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 ~~Twilight Princess Review~~

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Erya-Chan
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PostSubject: ~~Twilight Princess Review~~   Thu Feb 28, 2008 2:00 am



The Legend of Zelda: Twilight Princess is one of the best games on nintendo wii..for Zelda's Fans <<< like me afro

Let's get one thing straight from the start: Twilight Princess is a phenomenal experience, a distillation of the best traits from years of Zelda games, and one of the best games released anywhere in 2006. It's also - in places - tedious, fiddly, and maddeningly old fashioned.

But first the good news. From the pastoral opening scenes to the landmark boss fights, this is the dungeon solving, grass-chopping, Master Sword wielding Zelda experience we all know and love. Infact you might say that much of it is rather familiar - as in 'hang on, didn't I do this same opening tutorial a few years back, and I'm sure I've been in this forest somewhere before, and oh god, that's not Navi is it?' Thankfully not, it's just your Wii remote cursor flashing across the screen.

Your guide this time is Midna, a brand new addition to the Zelda pantheon. And to say much more would spoil the fun of getting to know her for yourselves, but we will say that narratively, Midna is the best thing to happen to Zelda games since they started, and we vote for Nintendo to assign her to the top d-pad button on the Wii remote for all future games forever.


Midna rides Link


Ah yes, the Wii remote. Ever since Twilight Princess famously made the jump from late generation GameCube saviour to Wii generation launch title, we've been wondering how successfully Nintendo would retro-fit a five year old design to the radical new controls of the Wii. The results are, well, mixed.

The basic actions - running around, auto-jumping/climbing, accessing your inventory - are about as flawless as you could hope for. Initially it does feel a little strange to hold two controllers, one in each hand, but five minutes later and you'll wonder how you ever played Zelda games with that old fashioned brick controller thing. Being able to rest one hand on a pillow and move the other around in free space is a lovely, RSI-free experience.



Targetting with the Wii Remote


But there are still niggles. Unfortunately it's just not much fun using the Wii remote as a makeshift mouse for hours at a time. While you don't have to keep the Wii remote trained at the TV constantly, in dungeons you will end up keeping your bow/boomerang/etc ready to target an enemy at a moment's notice. Incidentally, this is the same general problem we have with Wii Play (decent fun) versus Wii Sports (lots of fun). It's more much engaging to use the controller as wand in free space than it is to have to point it at the TV and move it about like a mouse.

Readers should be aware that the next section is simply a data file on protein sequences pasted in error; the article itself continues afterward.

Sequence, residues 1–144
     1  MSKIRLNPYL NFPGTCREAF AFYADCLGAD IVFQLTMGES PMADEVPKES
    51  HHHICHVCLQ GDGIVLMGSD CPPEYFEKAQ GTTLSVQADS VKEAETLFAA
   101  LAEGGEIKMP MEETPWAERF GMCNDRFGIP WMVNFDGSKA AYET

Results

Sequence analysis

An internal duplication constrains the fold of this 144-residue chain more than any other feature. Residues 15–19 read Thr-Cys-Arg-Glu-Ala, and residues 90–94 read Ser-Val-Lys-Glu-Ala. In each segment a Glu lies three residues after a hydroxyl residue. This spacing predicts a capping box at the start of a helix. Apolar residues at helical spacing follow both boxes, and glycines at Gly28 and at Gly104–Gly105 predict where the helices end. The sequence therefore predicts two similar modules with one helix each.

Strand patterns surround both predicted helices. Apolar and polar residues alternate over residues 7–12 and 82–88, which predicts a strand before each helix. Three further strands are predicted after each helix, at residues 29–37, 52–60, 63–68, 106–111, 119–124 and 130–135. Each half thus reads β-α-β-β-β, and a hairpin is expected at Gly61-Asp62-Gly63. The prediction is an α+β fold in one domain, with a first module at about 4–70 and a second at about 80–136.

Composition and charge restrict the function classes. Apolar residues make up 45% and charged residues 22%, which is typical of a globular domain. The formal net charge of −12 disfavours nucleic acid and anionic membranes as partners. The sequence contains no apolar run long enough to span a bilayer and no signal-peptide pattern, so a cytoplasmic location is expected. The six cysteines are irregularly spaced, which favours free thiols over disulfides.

Similarly the sword controls, which consist of various combinations of wagging the Wii remote around in free space, work wonderfully well. The standard sword slash can be performed with a tiny swish of the wrist, so it never gets tiring, and best of all Link can run and swipe at the same time. Various new sword moves are available as upgrades through the course of the game, and each one is something to celebrate - they're intuitive, and the sense of physical engagement just works.

And then there's the fishing. Oh Wii remote, how we love thee for fishing. It's one of those experiences just tailor-made for the Wii remote, along with the inevitable light saber game and probably something creative from the makers of DOAX. But a bit more on fishing now, because it's worth it. The full lure fishing experience that opens up later in the story surely deserves its own game. With sequels. Lots of sequels. And expansion packs.


Nice catch


You press B to equip your fishing rod and flick the Wii remote forward to make the lure whiz out - and seriously, the little speaker in the Wii remote makes a whizzing sound and buzzes in your hand in a highly satisfactory manner. Then it's plop as the lure lands in the water, and if you're clever enough to have landed near a fish, you can nudge the remote oh-so-slightly to tease it towards the hook. And then BAM - it's on! Before you even really know the controls you're furiously reeling the catch in by winding the nunchuk with your left hand, while your right lifts the fishing rod up and away, again and again until you've landed a 23-inch Hyrulian Pike. That's going into books!

Yup, the fishing game in Twilight Princess is a clear example of why the Wii remote could really be the next generation of gaming. If Nintendo can design their next Zelda game to have controls as intuitive, fun and engaging across the board, we will truly see a revolution in adventure games.

But as it stands, Twilight Princess feels a seminal, 'greatest hits' Zelda game. It's like Miyamoto went on a Zelda message board, compiled a list of all the things fans loved from previous Zeldas and then built the new version. Not surprisingly, the similarities with Ocarina of Time are striking, even down to the graphical style. The first few hours of Twilight Princess are utterly familiar, warm and comforting, like re-discovering a favourite old pair of jeans. And then they turn you into a wolf.

We won't go too in-depth into the wolf sections for the sake of spoilers; except to say that it is a risky inclusion from Nintendo and for the most part it's handled brilliantly. Midna is your guide here, and the personality and functionality she lends you in the world of Twilight is the difference between an embarrassingly sub-Okami experience, and something that is commendably fresh and fun.


Bark at the moon